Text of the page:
In Serfass v. Northampton County, AP 2019-1664 (Nov. 7, 2019), the Requester sought 911 call records. The County denied the Request, arguing that the responsive records were exempt Section 708(b)(18) of the RTKL, which exempts from disclosure “[r]ecords or parts of records, except time response logs, pertaining to audio recordings, telephone or radio transmissions received by emergency dispatch personnel, including 911 recordings.” See 65 P.S. § 67.708(b)(18).
However, the plain language of the statute carves out a strict exception to the exemption for time response logs. See Id. Although the RTKL does not define the term “time response log,” the term is generally understood to include the time the call was received, the time the dispatcher contacted or dispatched the responding unit(s), the time the responding unit(s) responded to the dispatch, the time the responding unit(s) arrived on the scene, the time the responding unit(s) became available, and the address of the incident or the street block identifier, the cross street or the mile marker nearest the scene of the incident.
Similarly, Section 5399(a) of the 911 Emergency Communications Act provides that, “[n]otwithstanding any other law, in a response to a request under [the RTKL], a PSAP may not release individual identifying information of an individual calling a 911 center, victim or witness.” 35 Pa.C.S. § 5399(a). The statute defines the term “identifying information” to include a name, telephone number and home address. See 35 Pa.C.S. § 5399(c). The term does not include “[t]he location of the incident, unless the location is the caller’s, victim’s or witness’s home address or the disclosure of the location would compromise the identity of the caller, victim or witness,” nor does the term include “[t]he street block identifier, the cross street or the mile marker nearest the scene of the incident, which shall be public.” See id.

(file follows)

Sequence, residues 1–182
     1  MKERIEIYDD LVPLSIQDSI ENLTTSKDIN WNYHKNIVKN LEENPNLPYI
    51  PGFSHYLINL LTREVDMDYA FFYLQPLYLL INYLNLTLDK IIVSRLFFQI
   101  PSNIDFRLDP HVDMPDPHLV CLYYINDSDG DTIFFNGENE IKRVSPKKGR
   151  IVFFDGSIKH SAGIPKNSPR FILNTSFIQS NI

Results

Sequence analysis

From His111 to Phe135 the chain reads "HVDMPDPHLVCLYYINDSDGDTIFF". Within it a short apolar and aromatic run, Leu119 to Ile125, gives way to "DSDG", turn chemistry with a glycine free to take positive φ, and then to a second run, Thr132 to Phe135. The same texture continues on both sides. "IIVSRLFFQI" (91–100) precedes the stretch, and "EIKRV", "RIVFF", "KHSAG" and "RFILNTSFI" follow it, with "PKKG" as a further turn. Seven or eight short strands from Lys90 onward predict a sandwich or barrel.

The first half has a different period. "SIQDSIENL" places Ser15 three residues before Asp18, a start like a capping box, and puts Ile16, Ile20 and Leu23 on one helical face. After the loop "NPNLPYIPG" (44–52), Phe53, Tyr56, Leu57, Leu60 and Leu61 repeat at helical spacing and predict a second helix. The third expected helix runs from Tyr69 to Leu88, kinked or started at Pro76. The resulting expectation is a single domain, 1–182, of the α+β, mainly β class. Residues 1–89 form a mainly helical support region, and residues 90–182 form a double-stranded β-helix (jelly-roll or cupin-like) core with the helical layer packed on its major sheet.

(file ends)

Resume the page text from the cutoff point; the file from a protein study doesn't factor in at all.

Accordingly, time response logs are public information subject to the redaction of certain material pursuant to the 911 Emergency Communications Act. Importantly, as the OOR noted, neither 65 P.S. § 67.708(b)(18) nor 35 Pa.C.S. § 5399 expressly prohibits the disclosure of all 911 records. Therefore, the OOR directed the County to provide time response logs redacted pursuant to the 911 Emergency Communications Act.
Municipal Open Records Officers frequently receive requests for 911 records. Accordingly, it is critical they understand what can and cannot be released and this recent determination by the OOR provides helpful guidance.
If you have any questions or comments, please do not hesitate to contact Chris Voltz or any of the other Municipal and School Attorneys at Tucker Arensberg, P.C.